Williams then said to Ramos, “Don’t speak to me,” and she sat in her chair seething. Ramos looked straight ahead. The whole affair could have ended there had Serena chosen to simply go play. Instead she rose from her chair and opted to escalate the situation, shouting at Ramos, “You stole a point from me. You’re a thief too.” It was then that Ramos gave her the game penalty.
Could Ramos instead have gently warned Serena at that point that her foot—and mouth—were perilously close to the line and that she was in danger of incurring a third code violation and game penalty? Perhaps. Would a final admonishment have stopped her rant? Who knows. The fact is, though, that Ramos was doing what he was assigned to do. He followed the directives as clearly spelled out in the Grand Slam Rule Book.
HIGHLIGHTS: Serena Williams steals the spotlight in the US Open final
There are many, including Billie Jean King, Chrissie Evert and CoCo Vandeweghe, who have criticized Ramos for invoking the penalty against coaching in the first place. They say that everyone does it, and they’re right. It’s allowed on the WTA tour (but not the ATP) and even permitted in the Junior US Open where young players are still developing their games and their minds.
You can complain about the rules. You can change the rules. But you can’t re-invent the rules in the middle of a match. What do we say to our loved ones when they are caught speeding and they argue that everyone else was going just as fast? Too bad, you got caught.
Serena is not the first player to launch an on-court tirade. They happen all the time. Roger Federer produced a curse-filled tirade about the challenge system during his final-round loss to Juan Martin del Potro at the 2009 US Open. Andre Agassi once spit at the umpire’s chair in the old Louis Armstrong Stadium, then insisted it was an accident. John McEnroe was defaulted from the 1990 Australian Open for a massive display of unsportsmanlike conduct during a match against Mikael Pernfors. And Fabio Fognini was expelled from last year’s US Open after he called chair umpire Louise Engzell names that could never be repeated in print. For Serena to suggest that her treatment was gender-related is just plain wrong.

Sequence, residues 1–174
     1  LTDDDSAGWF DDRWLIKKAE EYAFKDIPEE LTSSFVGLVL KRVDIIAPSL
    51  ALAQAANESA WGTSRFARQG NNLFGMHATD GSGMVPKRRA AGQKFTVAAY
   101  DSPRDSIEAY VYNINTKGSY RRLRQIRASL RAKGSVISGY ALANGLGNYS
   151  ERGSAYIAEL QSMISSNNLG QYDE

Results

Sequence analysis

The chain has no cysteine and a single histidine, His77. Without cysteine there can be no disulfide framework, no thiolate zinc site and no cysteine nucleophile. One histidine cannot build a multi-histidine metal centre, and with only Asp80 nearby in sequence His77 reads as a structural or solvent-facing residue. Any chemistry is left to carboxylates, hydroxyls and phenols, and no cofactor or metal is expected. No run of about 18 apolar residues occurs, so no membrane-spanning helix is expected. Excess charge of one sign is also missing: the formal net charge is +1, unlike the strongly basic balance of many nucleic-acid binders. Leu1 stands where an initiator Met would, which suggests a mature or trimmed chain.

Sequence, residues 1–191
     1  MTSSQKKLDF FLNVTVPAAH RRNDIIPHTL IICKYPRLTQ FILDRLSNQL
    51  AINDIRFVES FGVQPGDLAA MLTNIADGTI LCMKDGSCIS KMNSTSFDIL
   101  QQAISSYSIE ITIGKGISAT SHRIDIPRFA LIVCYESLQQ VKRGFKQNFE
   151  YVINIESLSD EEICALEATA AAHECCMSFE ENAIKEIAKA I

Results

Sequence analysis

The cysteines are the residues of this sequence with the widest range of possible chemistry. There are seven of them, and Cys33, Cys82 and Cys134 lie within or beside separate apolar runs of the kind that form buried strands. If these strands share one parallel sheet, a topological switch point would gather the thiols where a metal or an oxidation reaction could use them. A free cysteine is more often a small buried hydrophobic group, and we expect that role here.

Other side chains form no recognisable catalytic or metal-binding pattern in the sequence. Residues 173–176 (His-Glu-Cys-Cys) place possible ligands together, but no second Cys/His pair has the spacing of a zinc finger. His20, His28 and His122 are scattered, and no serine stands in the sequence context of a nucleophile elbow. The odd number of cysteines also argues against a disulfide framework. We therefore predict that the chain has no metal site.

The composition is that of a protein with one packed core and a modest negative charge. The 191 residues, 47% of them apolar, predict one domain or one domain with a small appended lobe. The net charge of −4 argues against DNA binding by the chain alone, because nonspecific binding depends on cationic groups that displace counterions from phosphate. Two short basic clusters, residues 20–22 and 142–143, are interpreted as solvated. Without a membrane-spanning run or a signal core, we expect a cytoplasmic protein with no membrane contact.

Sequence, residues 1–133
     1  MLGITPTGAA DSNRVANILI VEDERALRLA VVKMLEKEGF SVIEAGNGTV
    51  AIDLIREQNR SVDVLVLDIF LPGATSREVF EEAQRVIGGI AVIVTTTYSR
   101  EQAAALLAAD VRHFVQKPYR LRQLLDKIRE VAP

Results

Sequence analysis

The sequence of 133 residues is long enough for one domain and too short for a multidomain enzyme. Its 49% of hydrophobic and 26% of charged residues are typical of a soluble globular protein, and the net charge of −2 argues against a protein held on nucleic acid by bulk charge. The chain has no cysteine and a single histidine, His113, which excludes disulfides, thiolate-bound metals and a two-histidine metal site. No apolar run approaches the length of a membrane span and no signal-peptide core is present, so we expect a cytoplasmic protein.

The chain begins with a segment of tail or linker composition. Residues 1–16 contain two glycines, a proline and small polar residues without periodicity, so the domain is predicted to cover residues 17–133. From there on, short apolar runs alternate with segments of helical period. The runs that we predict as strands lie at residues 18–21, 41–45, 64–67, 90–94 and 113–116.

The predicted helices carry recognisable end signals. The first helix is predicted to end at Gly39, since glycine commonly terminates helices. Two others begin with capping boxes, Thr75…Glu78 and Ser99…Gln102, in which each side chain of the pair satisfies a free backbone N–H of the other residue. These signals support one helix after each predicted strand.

Serena knows the rules. She has played the game for 20 years and has been penalized before. At the 2009 US Open, she was docked a game for unsportsmanlike conduct while playing Kim Clijsters in the semifinals. In that instance, it was her expletive-filled attack on a lineswoman who called a foot fault on her with Serena down 5-6, 15-30 in the second set. Serena was not defaulted from that match, as some have suggested. But she was penalized a game, and it happened to be match game. For that transgression, she was fined close to $100,000 and there was talk at the time of banning her from upcoming majors.
Serena has spent a great deal of time over the last several months espousing what she has learned by being a mother. One of the mandates of motherhood is counting to 10 and giving our children the opportunity to calm down from a temper tantrum. We tell them there will be consequences for their actions, like a time out.
Perhaps Serena needed a time out Saturday night. Instead, when she was asked about the teachable moment she would tell her daughter one day, her response was that you have to stand up for what you believe in. What she should have fought for was regaining her own composure and grace. She is, after all, one of the great ambassadors of our sport. Women all over the world, especially mothers, look up to her. What a pity if one bad moment could make them now look down on her.
Many have suggested that Serena showed great grace and maturity in de-escalating a rambunctious crowd during the trophy ceremony. She also hugged and congratulated Osaka, who played the match of her life and deserved the win. By then, however, Osaka was in tears. She apologized to the crowd for denying Williams her record-tying 24th major. She then cried again during her post-match press conference when asked why she apologized.
“I know, like she really wanted to have her 24th Grand Slam, right?” Osaka said while wiping her eyes with her sleeve. “Everyone knows this. It’s on the commercials, it’s everywhere.”
Osaka has nothing to apologize for. She didn’t steal the victory, she earned it.
The only thievery that occurred on Saturday night was that Osaka was robbed of her chance to truly celebrate her U.S. Open win.